Due to important differences in their respective conveyancing procedures we will look at resale properties and off-plan properties separately. First we will look at the conveyancing process when buying a typical resale property, and then point out any differences that need to be understood when buying off-plan.

Buying a resale property

Overview of process

An overview of the conveyancing process in Spain is as follows. You make an offer and then negotiate with the vendor until you reach an agreement, after which your lawyer will carry out the necessary due diligence and check the appropriate contracts. Once you get the okay from your lawyer – but never before – you sign a private contract with the vendor and make an initial payment as specified in the terms of the contract. This is the point of no return after which backing out becomes difficult or impossible without significant financial loses. You will then have time to prepare for the signing of the deeds before Notary – normally between 1 and 3 months – in which time you make arrangements such as getting your funds in place. Come the appointed time you sign the deeds before Notary and take possession of the property. The final stage involves inscribing your title in the property register, paying any relevant taxes and setting up utility connections.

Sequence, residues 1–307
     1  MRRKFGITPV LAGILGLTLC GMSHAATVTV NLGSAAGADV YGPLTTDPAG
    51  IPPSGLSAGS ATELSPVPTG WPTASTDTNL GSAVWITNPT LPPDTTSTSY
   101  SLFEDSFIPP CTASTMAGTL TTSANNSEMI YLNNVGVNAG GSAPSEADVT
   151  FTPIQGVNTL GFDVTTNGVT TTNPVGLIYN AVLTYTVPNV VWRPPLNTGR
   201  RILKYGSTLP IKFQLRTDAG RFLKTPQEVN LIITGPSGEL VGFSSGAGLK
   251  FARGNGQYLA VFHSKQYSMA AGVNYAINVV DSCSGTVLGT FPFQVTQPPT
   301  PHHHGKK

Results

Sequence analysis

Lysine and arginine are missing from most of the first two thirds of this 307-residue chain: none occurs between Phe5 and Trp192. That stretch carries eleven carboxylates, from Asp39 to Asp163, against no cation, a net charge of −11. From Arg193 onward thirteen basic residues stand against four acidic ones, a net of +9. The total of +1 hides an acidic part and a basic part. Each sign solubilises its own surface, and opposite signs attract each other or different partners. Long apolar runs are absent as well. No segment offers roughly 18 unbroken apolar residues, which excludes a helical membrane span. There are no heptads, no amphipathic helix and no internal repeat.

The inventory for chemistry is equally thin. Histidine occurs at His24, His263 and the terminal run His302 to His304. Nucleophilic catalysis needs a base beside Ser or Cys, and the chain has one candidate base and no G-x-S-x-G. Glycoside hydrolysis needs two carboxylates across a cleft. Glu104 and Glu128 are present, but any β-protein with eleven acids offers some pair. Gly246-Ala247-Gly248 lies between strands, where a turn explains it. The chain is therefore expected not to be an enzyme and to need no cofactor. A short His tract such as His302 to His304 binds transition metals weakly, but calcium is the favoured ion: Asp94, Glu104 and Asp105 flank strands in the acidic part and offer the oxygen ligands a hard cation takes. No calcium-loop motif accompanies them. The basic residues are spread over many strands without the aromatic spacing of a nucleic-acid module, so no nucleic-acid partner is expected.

In reality you may find that some stages, for instance negotiations and due diligence, can be done in parallel (at the same time) rather than in series (one after the other) or that the whole process seems to be a lot more messy. However it is important to understand the ideal sequence of events and the logic behind this, which is essentially to protect your interests. Perhaps the most important point of all is that you should never sign contracts and make any non-refundable payments until you get the all clear from your lawyer after an adequate due diligence.